I was watching David Fincher's masterful procedural Zodiac last night, in which Robert Graysmith (Jake Gyllenhaal) becomes tormented by trying to discover the identity of the Zodiac Killer that terrorized and taunted the police departments of California during the late 1960s and early 1970s, and it struck me that a solid Arsenal defense is a bit like Zodiac at this point. I don't want to spoil the film for anyone--everyone should see it--suffice it to say that dang if a good Arsenal defense doesn't feel elusive right now.
Here are some other cinematically-themed thoughts about yesterday's North London Derby:
-- Arsenal's pressing in the first half. For the most part, the first twenty minutes of this match exhibited why pressing is a neat thing. Arsenal's midfield and forwards harried and harassed Spurs when the latter had the ball (actually both teams were pressing and playing with a pretty high line, which is why the game was so intense), and Spurs' midfield was having trouble connecting on passes to their forwards. It was also getting the ball back quickly for Arsenal, and although they couldn't do much with it once they had it, in theory, this is a step in the right direction.
-- Aaron Ramsey's engine. He played in the middle and did an okay job of marking Gareth Bale for a while, and then at right back, he was serviceable. Kid can run for a long time. He's not perfect, but it's something.
-- Lazy passing. As pdb put it: "If there's a ten yard gap between defender and midfielder, and the defender only passes it eight yards, the midfielder has to come back to collect the ball, which totally disrupts the flow of the play and means that Arsenal have to regroup and start over." Stand up, Arsenal attackers! You have won today's lazy passing prize! Please collect your moldy bread at the cashier's window and stop leaving all your incisive passes well short!
-- Defending. Not tracking runners all the way. Not talking. Being two yards behind the rest of your line. Not closing down midfield distributors at crucial moments. Not sweeping up. Not standing in your position. None of these are good, and Arsenal did all of them yesterday, multiple times. These defenders and midfielders have a lot of work to do.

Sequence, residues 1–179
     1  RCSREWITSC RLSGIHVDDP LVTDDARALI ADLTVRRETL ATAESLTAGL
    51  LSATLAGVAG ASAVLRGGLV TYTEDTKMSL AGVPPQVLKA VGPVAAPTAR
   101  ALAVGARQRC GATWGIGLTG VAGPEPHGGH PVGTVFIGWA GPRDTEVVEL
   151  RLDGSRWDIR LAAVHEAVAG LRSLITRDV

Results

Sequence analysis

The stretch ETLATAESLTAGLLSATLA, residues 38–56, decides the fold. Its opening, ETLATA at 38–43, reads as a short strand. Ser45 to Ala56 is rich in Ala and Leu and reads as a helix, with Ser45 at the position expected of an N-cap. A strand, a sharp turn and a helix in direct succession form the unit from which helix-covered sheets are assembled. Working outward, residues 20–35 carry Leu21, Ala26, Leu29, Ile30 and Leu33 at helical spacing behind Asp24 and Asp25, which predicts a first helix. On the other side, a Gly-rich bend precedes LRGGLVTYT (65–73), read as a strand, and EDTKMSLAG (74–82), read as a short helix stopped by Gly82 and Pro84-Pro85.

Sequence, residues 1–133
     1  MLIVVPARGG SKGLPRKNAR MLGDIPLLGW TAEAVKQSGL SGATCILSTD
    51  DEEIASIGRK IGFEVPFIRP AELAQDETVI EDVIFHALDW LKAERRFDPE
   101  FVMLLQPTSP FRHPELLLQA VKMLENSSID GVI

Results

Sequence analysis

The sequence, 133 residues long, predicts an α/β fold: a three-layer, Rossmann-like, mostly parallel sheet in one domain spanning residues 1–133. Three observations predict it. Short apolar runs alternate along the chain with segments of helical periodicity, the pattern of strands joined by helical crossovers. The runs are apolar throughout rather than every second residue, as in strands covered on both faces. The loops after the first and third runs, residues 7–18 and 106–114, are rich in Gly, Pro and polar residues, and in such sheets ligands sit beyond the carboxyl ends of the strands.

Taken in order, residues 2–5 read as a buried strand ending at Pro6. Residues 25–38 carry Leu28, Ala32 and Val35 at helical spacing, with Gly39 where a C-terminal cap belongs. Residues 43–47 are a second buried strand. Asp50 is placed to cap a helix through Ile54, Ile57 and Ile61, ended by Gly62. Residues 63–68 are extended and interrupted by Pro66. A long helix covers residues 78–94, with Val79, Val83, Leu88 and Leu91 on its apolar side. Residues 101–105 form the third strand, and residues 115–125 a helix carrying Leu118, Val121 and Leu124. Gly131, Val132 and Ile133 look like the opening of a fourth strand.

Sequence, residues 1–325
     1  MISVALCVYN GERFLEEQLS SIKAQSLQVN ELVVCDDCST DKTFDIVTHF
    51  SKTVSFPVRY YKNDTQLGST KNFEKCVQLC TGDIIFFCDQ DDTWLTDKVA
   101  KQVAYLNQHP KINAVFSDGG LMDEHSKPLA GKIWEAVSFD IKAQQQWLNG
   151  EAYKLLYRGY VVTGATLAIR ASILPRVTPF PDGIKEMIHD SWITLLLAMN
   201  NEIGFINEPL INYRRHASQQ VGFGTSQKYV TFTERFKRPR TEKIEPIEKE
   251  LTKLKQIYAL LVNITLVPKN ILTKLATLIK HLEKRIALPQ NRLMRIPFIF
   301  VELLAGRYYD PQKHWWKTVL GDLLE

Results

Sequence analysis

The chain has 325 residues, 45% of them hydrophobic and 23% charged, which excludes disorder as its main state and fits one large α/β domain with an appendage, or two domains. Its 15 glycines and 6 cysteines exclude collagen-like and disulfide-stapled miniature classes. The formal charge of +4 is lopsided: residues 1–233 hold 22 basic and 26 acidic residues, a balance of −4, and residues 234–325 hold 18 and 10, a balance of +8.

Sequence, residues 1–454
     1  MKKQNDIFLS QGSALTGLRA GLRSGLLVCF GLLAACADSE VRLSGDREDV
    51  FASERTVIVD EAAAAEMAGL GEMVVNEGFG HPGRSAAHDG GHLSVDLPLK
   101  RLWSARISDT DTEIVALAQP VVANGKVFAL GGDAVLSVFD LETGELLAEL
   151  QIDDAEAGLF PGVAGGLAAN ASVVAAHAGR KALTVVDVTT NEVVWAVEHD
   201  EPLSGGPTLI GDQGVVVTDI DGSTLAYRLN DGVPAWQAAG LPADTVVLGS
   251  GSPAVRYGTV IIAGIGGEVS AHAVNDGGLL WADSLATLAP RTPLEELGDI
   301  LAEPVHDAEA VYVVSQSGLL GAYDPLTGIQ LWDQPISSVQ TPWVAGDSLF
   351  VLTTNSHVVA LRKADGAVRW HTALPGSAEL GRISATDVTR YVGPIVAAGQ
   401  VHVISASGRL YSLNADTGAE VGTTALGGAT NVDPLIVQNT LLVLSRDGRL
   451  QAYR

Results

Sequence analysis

-- Giroud's first touch. Not so good. His holdup play was a bit lacking, and when he got the ball on the ground, he gave it up with a poor first touch more often than not.
-- Theo Walcott, man of no land. Theo got nothing through the middle yesterday, but he continued to batter away there instead of staying wider and collecting the ball. This meant that the attack had no width, dragging Carl Jenkinson and Aaron Ramsey forward all the time, and it also meant that Theo was invisible.
-- Stopping to protest that Spurs were offside instead of playing on. Just...keep playing until you hear a whistle, guys. Although by the time Bale's past you, it's too late.
-- The last ten minutes. So Arsenal brought on Tomas Rosicky. They brought on Lukas Podolski. The team had five attacking midfielders on the pitch, basically. So why was the tactic to lump it long every time it was possible, towards Per Mertesacker, of all people, completely bypassing all those passers? When they had the ball, their triangles were sometimes neat and tidy (not always; see above), so why cut them out of the picture and hope that Per and Olivier could do something? Bah.
Let's hope for improvements. Ten games left. Bayern left. Let's go.